2. Best Available Evidence (BAE) – CMS included additional guidance for plans to review their BAE process. CMS expects plans to have processes in place to allow BAE to be accepted at the point of sale. If health plans do not have scripts in place to assist their member services and pharmacy help desk staff, then they must be developed and put in place to support members requesting assistance with BAE-type issues.
  3. Online Enrollment Center (OEC) Application Receipt Date – One policy change this year is the way the receipt date is calculated for OEC applications. Plans need to calculate the receipt date to 11 hours earlier than the time and date stamp provided on the CMS file.
  4. Non-Discrimination and Alternate Language Tagline Language – CMS also raises the new requirement for Non-Discrimination and Alternate Language Tagline translation language plans are now required to distribute to their members. CMS is requiring plans to verify they have processes in place to satisfy these new requirements.

This year’s release is earlier than previous years, allowing plans more time to validate and implement all actions. Similar to last year, CMS has changed the attestation process for the 2017 Readiness Checklist to a strategic conversation between plans and their CMS Account Managers. Without that formal attestation process, don’t devalue the Readiness Checklist and required actions – utilize the tool as the valuable resource it is which will ultimately make your health plan better and your members safer. To err is human, and for that reason, redundant validation is a critical step to make sure your program is ready for 2017.

Our consultants have implemented items from the 2017 Readiness Checklist for health plans just like yours. If you need assistance verifying you are ready for 2017 or have questions on your processes, we can help. You can reach us through our website or by emailing me directly at



New Webinar! Each year, billions of dollars are set aside by investment banks and pension managers to invest in measurable social good. Gorman Health Group (GHG) is offering a new capability to connect health plans and providers with social impact investors to obtain capital for clinical innovations of which many plans have only dreamed. Join us on Tuesday, November 1, from 2:30 to 3:30 p.m. ET, to learn how social impact investing can be used to improve health outcomes and Star Ratings and how your organization can benefit. Register now >>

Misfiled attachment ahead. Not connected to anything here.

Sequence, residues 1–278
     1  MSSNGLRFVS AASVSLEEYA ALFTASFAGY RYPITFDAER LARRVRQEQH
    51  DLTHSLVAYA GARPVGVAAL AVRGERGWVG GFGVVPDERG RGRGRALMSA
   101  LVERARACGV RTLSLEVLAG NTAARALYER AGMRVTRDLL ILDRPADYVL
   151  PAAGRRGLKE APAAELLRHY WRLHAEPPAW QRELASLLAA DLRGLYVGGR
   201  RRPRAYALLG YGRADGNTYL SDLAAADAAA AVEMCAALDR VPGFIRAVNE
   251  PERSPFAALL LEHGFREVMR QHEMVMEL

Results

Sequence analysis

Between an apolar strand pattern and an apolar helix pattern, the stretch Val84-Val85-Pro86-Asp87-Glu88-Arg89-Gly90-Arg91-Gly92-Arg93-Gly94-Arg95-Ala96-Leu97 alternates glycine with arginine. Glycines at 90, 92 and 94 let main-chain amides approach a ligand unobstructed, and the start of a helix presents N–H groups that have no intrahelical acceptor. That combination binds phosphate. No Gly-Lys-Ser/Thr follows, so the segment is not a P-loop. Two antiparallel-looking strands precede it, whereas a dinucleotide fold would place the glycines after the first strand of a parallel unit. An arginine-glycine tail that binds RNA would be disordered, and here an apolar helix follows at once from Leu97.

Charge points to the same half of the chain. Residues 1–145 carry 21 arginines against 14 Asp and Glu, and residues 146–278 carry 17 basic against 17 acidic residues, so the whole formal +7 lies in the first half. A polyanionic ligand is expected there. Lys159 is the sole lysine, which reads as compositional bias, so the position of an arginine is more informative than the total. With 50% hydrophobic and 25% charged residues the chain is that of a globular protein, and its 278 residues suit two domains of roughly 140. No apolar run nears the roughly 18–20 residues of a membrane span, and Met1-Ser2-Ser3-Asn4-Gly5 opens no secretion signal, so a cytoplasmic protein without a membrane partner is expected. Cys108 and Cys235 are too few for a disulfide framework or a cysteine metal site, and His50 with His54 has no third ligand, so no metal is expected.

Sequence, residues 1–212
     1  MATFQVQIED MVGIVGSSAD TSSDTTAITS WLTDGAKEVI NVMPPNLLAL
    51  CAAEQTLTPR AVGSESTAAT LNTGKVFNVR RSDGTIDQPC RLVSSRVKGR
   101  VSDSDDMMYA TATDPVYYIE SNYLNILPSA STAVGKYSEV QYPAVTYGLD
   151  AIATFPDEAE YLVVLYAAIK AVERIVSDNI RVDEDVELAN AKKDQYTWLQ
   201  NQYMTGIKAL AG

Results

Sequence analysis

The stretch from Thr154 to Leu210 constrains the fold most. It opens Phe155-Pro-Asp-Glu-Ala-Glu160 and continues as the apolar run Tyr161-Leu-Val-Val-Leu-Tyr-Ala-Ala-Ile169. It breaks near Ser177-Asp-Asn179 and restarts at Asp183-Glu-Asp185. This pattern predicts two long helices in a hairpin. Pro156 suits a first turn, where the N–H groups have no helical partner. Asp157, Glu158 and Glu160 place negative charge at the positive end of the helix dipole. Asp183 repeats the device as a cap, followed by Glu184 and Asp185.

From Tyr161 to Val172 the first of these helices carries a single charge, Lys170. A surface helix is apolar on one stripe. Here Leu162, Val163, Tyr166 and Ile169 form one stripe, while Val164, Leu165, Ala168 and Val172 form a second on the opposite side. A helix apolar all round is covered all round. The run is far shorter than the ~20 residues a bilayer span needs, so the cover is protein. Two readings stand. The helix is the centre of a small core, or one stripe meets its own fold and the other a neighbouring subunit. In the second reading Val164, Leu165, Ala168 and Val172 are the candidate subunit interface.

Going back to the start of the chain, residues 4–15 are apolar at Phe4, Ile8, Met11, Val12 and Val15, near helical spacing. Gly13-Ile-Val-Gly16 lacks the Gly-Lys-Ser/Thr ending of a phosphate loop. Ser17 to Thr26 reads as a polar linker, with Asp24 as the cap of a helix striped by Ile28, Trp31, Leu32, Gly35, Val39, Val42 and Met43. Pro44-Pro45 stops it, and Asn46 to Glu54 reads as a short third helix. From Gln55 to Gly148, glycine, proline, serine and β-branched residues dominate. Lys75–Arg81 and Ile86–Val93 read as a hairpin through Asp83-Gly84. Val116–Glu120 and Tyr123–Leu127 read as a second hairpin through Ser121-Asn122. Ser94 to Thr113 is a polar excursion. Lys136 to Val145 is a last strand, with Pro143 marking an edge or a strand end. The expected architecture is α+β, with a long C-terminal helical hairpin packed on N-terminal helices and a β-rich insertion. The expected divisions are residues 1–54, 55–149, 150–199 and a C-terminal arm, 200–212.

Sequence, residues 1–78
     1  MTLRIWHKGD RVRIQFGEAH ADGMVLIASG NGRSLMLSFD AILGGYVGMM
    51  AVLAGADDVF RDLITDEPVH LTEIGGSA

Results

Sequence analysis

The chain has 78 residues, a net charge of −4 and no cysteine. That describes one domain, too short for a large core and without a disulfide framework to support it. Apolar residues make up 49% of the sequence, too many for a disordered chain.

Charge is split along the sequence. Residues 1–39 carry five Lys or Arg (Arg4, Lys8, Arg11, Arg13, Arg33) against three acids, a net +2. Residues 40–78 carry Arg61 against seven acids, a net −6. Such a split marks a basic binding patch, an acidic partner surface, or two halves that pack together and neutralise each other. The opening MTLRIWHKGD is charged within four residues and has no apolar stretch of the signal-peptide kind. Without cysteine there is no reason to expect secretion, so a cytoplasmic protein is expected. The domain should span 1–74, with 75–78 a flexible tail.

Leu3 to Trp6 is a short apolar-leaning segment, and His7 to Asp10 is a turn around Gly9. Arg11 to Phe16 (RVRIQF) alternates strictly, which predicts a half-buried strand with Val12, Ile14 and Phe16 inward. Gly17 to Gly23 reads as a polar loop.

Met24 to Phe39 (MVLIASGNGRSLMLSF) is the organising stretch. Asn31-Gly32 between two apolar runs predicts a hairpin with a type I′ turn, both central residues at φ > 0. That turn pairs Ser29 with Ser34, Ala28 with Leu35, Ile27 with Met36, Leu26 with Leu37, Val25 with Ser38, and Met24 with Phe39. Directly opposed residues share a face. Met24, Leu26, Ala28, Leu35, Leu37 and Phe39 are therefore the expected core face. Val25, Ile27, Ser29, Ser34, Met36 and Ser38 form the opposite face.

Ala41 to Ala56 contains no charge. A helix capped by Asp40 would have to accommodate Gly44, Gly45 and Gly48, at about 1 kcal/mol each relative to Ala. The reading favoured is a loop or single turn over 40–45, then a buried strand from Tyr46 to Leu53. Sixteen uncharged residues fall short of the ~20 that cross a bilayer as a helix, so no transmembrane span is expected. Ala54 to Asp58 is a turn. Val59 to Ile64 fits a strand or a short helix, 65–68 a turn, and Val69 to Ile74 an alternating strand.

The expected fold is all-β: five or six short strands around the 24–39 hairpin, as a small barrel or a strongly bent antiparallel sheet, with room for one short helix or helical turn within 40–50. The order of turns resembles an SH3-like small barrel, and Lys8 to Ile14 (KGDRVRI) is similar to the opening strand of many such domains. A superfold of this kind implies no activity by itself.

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Double Your Value: Three Critical Ways CMS Audit Readiness and the Member Experience Program Intersect

What do the Centers for Medicare & Medicaid Services (CMS) program audits and member experience programs have in common? At their core, both activities are looking out for and protecting Medicare health plan members. CMS, in their oversight role, is responsible for ensuring Medicare Advantage (MA) and Prescription Drug Plan (PDP) members receive all the rights and benefits of original Medicare as well as the additional services agreed to in contracts with MA plans and PDPs. Operations has to own compliance with CMS as well as how operational functions touch and impact our members' experiences. "The cornerstone of an effective member experience is cross-functional alignment, placing the member at the center of the health plan's initiatives and core business functions" says Carrie Barker-Settles, Gorman Health Group's (GHG's) Director of Sales & Marketing Services. In days of shrinking payments, plans need to be even more efficient as they provide services to their Medicare members but without cutting corners that result in non-compliance or driving members away from our plans. We can each make a difference in the areas of compliance and member experience efficiently as the goals are so aligned.

Here are three critical ways you can increase your member experience program's operational components and drive audit readiness.